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Pandemic Response

CMU COVID-19 Data Capture Project Adds Mask Usage, Testing Questions

CMU COVIDcast

Carnegie Mellon University is tracking mask use across the country, along with testing availability for COVID-19 and the test results, as part of a symptom survey distributed each day.

The university's Delphi research group, which focuses on epidemiological forecasting, has been collecting data daily through Facebook since April from volunteers on self-reported COVID-19 symptoms. Now the tiny survey has added questions about how respondents are addressing public health recommendations, such as mask use, and whether they're getting COVID-19 testing when they want it. More than a million U.S. residents have responded since the university's expanded survey was introduced at the beginning of September.

The aggregated results are updated each day and posted to the institution's COVIDcast website, accessible by anybody. The data with a greater level of detail is also shared with health researchers. Delphi uses the results to produce localized forecasts of COVID-19 activity.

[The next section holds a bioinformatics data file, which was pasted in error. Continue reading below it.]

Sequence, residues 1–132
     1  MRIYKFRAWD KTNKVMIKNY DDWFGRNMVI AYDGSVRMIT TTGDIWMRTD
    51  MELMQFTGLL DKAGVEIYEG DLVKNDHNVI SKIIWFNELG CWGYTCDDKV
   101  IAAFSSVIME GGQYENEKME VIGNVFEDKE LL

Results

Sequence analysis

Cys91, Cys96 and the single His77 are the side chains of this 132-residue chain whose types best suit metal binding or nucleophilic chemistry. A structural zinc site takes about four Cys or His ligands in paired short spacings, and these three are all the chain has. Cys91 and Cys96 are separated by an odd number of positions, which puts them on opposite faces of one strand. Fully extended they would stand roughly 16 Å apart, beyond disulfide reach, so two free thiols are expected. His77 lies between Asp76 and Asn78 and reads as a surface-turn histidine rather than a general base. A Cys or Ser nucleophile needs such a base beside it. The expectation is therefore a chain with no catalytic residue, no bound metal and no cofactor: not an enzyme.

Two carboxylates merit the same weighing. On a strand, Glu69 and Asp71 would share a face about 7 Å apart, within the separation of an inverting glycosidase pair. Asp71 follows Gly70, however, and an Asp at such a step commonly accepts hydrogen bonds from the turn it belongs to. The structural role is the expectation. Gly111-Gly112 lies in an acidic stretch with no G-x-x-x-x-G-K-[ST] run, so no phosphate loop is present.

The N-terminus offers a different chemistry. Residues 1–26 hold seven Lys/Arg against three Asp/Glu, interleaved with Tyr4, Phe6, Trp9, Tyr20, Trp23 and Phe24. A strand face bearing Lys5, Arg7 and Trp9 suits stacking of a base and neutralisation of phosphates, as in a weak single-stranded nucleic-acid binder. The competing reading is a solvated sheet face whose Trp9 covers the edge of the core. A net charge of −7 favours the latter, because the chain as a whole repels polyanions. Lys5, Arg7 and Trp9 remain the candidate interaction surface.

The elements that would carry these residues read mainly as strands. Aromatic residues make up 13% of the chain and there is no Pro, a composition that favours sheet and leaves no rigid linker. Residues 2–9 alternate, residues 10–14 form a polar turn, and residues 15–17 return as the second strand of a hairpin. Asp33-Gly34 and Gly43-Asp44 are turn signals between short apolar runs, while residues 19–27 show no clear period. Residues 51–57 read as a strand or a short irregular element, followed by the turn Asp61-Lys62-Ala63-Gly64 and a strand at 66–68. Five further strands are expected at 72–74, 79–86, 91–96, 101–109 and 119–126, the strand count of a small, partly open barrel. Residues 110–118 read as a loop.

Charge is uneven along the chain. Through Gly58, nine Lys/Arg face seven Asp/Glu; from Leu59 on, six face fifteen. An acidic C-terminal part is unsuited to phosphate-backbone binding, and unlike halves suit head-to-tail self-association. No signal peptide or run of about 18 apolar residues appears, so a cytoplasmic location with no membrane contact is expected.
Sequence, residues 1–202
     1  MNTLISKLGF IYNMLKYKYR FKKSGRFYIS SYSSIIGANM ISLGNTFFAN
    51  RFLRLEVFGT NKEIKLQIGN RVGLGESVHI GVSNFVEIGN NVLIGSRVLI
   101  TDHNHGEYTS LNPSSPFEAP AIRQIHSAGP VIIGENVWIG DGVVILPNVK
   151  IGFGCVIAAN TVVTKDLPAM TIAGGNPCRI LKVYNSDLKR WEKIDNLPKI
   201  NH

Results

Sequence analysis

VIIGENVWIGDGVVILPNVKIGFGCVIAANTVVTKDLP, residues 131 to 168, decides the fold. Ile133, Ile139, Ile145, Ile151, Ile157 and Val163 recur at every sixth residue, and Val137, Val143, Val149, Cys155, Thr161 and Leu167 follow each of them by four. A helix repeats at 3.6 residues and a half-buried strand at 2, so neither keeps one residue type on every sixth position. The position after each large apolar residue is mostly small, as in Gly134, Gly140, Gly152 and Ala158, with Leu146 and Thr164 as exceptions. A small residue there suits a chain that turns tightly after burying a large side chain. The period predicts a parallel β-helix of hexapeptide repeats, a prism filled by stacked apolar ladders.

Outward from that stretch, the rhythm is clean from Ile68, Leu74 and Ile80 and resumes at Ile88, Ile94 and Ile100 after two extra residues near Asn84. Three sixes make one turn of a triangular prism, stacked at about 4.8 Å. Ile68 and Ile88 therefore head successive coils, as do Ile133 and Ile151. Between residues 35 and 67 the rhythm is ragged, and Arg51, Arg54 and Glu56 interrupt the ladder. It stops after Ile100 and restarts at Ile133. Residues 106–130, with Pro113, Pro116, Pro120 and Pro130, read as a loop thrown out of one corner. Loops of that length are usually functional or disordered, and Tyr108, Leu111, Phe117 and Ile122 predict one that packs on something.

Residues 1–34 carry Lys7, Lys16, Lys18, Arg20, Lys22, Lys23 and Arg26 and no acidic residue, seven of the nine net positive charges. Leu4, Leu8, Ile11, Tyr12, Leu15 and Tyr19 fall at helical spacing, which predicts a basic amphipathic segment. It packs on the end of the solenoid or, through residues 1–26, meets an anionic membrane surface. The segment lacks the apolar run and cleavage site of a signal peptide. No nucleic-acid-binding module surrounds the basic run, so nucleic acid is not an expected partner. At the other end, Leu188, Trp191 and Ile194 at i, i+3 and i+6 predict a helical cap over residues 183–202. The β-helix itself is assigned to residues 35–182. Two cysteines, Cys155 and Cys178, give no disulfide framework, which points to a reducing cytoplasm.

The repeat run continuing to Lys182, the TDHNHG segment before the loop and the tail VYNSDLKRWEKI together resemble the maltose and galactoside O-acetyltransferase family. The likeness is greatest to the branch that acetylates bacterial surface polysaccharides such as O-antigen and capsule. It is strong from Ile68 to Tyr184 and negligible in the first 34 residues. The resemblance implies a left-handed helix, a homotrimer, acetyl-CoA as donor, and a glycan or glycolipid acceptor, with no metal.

According to Alex Reinhart, assistant teaching professor in the Department of Statistics and Data Science and a member of the Delphi group, monitoring mask use and how it changes over time and in different counties will help researchers better understand where the virus is most likely to spread and show what activities prove most effective in preventing its spread.

In New England, a region "hit hard" by the first wave of COVD-19, the survey showed that most people wear masks — consistently around 95 percent in Boston, for example. However, the lowest rates of mask use are in the central United States, such as North Dakota and South Dakota, and those regions are showing a rapid rise in case rates.

"Our survey doesn't replace official public health reporting on COVID testing and case counts, but it can provide insights not available any other way," said Reinhart. "By providing these signals to the public, we hope to give researchers, public health officials and journalists the information they need to form a more complete picture of the pandemic."

The CMU work isn't the only COVID-19 data collection taking place across the country. The CDC uses forecasting from 29 different modeling projects. The University of Maryland is running an effort similar to CMU, in that it also uses a daily survey distributed by Facebook to gather international data on the pandemic. As part of the Data for Good program, the social media company distributes the surveys to a selection of its users each day. Facebook itself doesn't gather the information; the universities run the surveys off of Facebook and manage the findings.

About the Author

Dian Schaffhauser is a senior contributing editor for 1105 Media's education publications THE Journal, Campus Technology and Spaces4Learning. She can be reached at [email protected] or on Twitter @schaffhauser.

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